The committee recommends that federal agencies and CDC, specifically, be held accountable for their unique federal responsibilities in an emergency response and assessed on their progress in facilitating national public health emergency preparedness.
The committee recommends that CDC consider utilizing the 10 Essential Public Health Services as a framework for the readiness indicators.
The committee recommends that CDC collaborate with Health Resources and Services Administration (HRSA) to integrate the preparedness indicators into one document, in order to help the health care and public health communities work hand-in-hand to plan, implement plans, and evaluate their readiness to respond to threats (including, but not limited to, a smallpox attack) and to avoid requiring duplicate reporting from states.
The committee recommends that all federal entities concerned with bioterrorism preparedness (e.g., CDC, HRSA, and ODP) should more actively coordinate guidance and funding activities. Federal agencies should also work together to develop mechanisms that facilitate coordination and collaboration among their grantees at the state and local levels. Federal efforts should include the clarification of primary responsibility and authority in bioterrorism events, to ensure that CDC can fulfill its unique role as the nation’s public health agency.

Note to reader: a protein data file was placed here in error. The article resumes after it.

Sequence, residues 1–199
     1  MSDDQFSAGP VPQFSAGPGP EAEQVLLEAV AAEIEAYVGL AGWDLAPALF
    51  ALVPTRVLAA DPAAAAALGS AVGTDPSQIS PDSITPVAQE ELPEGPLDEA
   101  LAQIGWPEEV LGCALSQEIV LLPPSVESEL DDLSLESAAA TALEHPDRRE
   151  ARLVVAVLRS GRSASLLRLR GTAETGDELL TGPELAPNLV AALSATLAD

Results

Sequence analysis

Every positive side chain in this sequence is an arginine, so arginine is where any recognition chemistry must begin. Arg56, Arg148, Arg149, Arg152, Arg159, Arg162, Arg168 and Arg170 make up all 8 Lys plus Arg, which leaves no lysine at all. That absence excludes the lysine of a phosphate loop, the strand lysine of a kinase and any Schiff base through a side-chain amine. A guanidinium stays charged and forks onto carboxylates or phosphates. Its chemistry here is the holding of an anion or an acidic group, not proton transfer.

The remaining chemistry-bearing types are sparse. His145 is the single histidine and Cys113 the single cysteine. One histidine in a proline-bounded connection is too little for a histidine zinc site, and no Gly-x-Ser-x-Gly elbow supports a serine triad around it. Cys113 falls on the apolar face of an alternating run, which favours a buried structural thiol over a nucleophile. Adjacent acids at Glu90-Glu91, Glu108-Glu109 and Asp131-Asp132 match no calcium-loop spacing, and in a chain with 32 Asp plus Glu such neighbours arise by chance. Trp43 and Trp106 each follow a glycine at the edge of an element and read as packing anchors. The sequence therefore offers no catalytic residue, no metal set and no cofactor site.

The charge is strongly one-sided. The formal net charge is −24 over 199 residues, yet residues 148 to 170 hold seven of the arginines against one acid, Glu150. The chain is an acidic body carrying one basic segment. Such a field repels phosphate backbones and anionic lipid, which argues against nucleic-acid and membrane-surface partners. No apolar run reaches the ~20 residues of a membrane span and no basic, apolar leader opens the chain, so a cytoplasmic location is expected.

The committee recommends that CDC should collaborate with all of its partners to strengthen preparedness by applying research findings and experience in public health emergency response, bioterrorism preparedness, and disaster management. In order to strengthen the evidence base for public health preparedness, CDC should:
Strengthen the link between public health research and practice;
participate in and promote interdisciplinary research about preparedness;
support a system to assure the ongoing collection, synthesis, and sharing of lessons learned and best practices from public health preparedness exercises and public health response to proxy events; and
in coordination with the appropriate federal-level partners, such as AHRQ, evaluate the effectiveness, design, and opportunity costs of preparedness strategies, such as exercises.